GUY RAZ, host:
Public libraries are feeling an unusual kind of crunch in the current recession. Demand for free library books and services is soaring across the country. At the same time, governments in at least 20 states have cut library budgets. Well, there's a town in Southern Colorado that's betting big on its new library. It's Walsenburg, population 3,800, and Theresa Schiavone paid a visit.
THERESA SCHIAVONE: The opening of the new Spanish Peaks Library was a celebration, with Spanish music and dance greeting visitors at the entrance to the large, ornamented brick building.
(Soundbite of music)
Inside, youngsters Evan Cassander(ph) and Matthew Harper(ph) pushed giant chess pieces on the floor of the bright green children's section as they go over their game strategy.
Unidentified Man: King retreats.
Unidentified Child: Yeah, he retreated over there. Then you took out my rook.
SCHIAVONE: It took another level of strategizing to build a first-rate library in a vacant building, when the average income in this city is $22,000 per year. Library director Monica Bier(ph) says residents had already raised money to expand the existing library in a crowded bungalow on the city's main street. When the local school district announced plans to knock down the old high school, citizens decided to make that the new library.
Ms. MONICA BIER (Director, Spanish Peaks Library): With fear and trepidation, we went to the voters, and they really did want to save the building, and they voted a $1.75 million bond issue. So they have indebted themselves for 20 years to pay twice what they were paying for the library.
MS. NORMA LOU MYRR(ph) (Library Board Member): But they were game, they were game. They had grown up in the library.
SCHIAVONE: Eighty-two-year-old library board member Norma Lou Myrr started borrowing books in the basement of the old courthouse in Walsenburg as a young child. She helped build the old bungalow library, and she was instrumental in getting support for the new one.
Ms. MYRR: I know two men here that read maybe two to three books a week, and they're always in the library. Both of them were ranchers, and the bond issue was going to affect them more than me, with my home, but they went for it because it's a part of their life.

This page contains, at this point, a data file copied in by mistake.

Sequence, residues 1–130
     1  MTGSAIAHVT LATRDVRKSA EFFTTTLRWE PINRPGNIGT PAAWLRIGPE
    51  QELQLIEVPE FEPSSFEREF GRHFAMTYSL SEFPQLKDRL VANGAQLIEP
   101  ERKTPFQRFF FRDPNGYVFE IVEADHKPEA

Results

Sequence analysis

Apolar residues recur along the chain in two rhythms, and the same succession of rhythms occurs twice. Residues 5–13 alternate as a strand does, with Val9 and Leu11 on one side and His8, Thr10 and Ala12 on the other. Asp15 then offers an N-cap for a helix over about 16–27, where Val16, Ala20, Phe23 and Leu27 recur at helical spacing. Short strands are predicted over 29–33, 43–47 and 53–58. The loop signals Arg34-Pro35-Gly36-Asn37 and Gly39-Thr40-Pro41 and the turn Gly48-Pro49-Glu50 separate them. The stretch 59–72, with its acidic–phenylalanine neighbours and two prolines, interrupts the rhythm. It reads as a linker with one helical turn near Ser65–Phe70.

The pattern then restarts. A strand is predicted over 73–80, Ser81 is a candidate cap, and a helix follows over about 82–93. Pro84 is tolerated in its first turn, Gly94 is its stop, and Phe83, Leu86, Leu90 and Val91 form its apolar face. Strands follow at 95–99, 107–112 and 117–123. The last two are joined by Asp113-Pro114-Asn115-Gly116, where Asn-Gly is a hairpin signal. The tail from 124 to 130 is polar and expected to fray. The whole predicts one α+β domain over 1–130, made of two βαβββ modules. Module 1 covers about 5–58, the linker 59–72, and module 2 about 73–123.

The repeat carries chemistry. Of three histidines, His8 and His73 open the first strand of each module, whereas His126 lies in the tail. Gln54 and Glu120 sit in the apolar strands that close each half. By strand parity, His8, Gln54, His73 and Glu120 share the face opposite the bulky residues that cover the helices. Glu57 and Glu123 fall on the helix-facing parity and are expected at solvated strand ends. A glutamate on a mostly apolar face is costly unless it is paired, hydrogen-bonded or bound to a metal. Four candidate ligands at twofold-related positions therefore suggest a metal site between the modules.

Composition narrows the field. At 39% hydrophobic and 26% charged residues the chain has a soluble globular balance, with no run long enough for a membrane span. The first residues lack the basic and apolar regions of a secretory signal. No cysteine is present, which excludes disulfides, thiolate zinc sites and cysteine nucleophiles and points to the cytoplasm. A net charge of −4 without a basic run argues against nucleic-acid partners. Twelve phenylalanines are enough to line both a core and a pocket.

SCHIAVONE: Myrr and other library stewards in the community told their neighbors that their extra taxes would pay for access to thousands of books and the Internet for them and their children. Denver-based researcher Keith Curry Lance conducted a landmark study in 1993 that traced the effect of libraries on children.
Mr. KEITH CURRY LANCE (Director, Library Research Service): We did a study of public libraries just this past year. What we found is where there is higher circulation of children's materials and higher attendance at children's programs, kids' third-grade reading scores tend to be higher.
SCHIAVONE: Achievement tests in reading start in third grade. James LaRue is library director for Douglas County, north of Walsenburg. He's also written a book and numerous articles about libraries. He says studies like Lance's have changed the way some library directors see their role.
Mr. JAMES LaRUE (Library Director, Douglas County): We've been trying to sell, over the past 10, 15 years, the notion that we were one-stop shopping, ask us any question, we'll give you the information, exactly the job description of Google. And that's when we kind of start scratching our heads and looking at, how are we really used? Maybe the single most important thing we do in a public library is to fire the child's imagination.
SCHIAVONE: That's certainly true for nine-year-old Evan Cassander(ph), who wastes no time making himself at home at the new Spanish Peaks Library.
Mr. EVAN CASSANDER: The children's area, I really like it because I'm already seeing where my favorite books are going to be. If I see a cover that looks interesting or something that I've never read and always wanted to read, and I've never seen it, I just, like, check it out.
SCHIAVONE: For the children of Walsenburg, the library means more opportunities to become well-read ranchers or anything else that its 22,000 volumes can bring to mind.
For NPR News, I'm Theresa Schiavone.
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